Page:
In downtown Detroit, Toyota offered rides in Lexus’s equipped with Automated Highway Driving Assist.
This car is equipped with three new types of driver’s assistance–dynamic (or adaptive) cruise control, lane trace control and a predictive Human-Machine Interface. The cruise control does more than today’s cruise controls because it will apply the brakes and actually stop the car if the car senses an imminent crash and also detects that the driver is not responding. The lane trace control keeps the car in a fixed position in a lane except when the driver turns on the turn signal, informing the car that a turn is imminent. The predictive interface attempts, obviously to anticipate what is up ahead. Sensors in the car can detect shapes and objects that are out of the driver’s visual range, allowing the car to anticipate problems up ahead.
I was in one of these kinds of cars in Japan this past October and it demonstrated vehicle-to-vehicle communication as well. Toyota tells me that this feature will be incorporated into this vehicle when it is introduced either in 2015 or 2016. All of the technologies I am writing about in this blog are ready for production. They are not theoretical.
I am seated in the rear and a professional driver is at the wheel. It’s important to know that he has to make the decision to engage the cruise control and lane trace control. The car does not automatically impose those services. Toyota is trying to build a new kind of relationship between driver and machine and knowing the capabilities of “the other” is very important.
When both of these modes are engaged, the car drives itself. That seems ideal for long highway travel. The devilish problems are how to contend with lanes that are exit only, or merging traffic, or areas of the highway where lanes are not properly marked.
When the car senses that there is about to be a problem, it flashes the word “eyes” on the instrument panel you see to the driver’s right. There is a chime as well. The car can tell where the driver’s eyes are because of a camera located just behind the rear vision mirror. It also can sense if the driver has even one hand on the wheel. The car, in effect, needs to know whether the driver will be capable of responding. When the car detects that the driver’s hands are off the wheel, another icon pops up on the control panel and the chimes steadily escalate to get the driver’s attention.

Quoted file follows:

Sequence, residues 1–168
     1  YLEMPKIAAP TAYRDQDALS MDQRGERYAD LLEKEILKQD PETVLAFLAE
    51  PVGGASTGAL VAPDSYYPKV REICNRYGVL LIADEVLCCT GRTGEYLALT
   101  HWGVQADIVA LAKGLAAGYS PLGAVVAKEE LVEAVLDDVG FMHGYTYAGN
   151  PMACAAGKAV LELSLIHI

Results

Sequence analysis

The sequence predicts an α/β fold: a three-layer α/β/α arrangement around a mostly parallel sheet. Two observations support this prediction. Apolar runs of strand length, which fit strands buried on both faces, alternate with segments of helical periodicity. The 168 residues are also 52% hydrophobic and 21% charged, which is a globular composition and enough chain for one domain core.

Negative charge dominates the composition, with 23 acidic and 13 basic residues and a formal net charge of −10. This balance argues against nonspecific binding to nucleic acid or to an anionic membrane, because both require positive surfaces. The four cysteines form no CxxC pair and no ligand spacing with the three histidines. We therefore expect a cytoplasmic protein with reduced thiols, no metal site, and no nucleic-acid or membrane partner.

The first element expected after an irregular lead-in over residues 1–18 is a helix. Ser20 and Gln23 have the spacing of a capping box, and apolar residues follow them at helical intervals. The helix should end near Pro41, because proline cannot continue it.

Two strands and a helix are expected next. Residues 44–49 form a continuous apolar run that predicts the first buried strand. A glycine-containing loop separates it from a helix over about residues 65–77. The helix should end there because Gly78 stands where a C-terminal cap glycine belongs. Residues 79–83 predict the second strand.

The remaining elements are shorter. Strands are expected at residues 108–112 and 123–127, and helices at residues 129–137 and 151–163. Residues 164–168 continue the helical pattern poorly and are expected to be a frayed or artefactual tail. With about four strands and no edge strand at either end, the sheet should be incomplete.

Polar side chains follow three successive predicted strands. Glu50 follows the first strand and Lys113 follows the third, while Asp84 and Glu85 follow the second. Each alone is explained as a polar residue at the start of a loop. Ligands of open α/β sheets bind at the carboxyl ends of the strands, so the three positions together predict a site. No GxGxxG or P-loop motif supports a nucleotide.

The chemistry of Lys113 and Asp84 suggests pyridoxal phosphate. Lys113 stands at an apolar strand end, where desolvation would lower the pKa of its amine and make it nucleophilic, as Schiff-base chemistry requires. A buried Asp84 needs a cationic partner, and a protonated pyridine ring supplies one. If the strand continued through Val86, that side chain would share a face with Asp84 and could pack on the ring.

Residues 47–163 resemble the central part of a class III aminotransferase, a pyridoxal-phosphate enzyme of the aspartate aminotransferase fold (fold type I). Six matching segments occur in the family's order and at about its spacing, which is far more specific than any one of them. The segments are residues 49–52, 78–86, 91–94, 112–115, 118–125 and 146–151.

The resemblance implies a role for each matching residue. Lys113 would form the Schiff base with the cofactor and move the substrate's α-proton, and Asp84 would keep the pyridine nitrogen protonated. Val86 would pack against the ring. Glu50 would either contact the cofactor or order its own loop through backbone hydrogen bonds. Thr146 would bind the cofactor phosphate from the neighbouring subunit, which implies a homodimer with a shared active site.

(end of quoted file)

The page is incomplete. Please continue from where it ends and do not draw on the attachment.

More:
On the control panel above, you can see a green line. That means lane trace control is engaged and the car intends to follow that path, but the yellow alert box is telling the driver that the highway is coming to an end. So it’s time for the driver to resume control.
The driver was able to make it appear very natural as he moved in and out of the different modes and control of the vehicle passed back and forth between him and the car. But it’s clear that average drivers will have to learn how to get used to these systems. We have adapted to many things over the years–regular cruise control, ABS brakes, etc. Many of those technological improvements have been invisible to us, but the direction that Toyota and other manufacturers are charting will demand that humans learn new patterns of engagement with the vehicle. At the moment, the technology is far ahead of the human capacity to absorb it, much less the ability of government to provide a regulatory framework. I’ll return to those issues in subsequent blogs.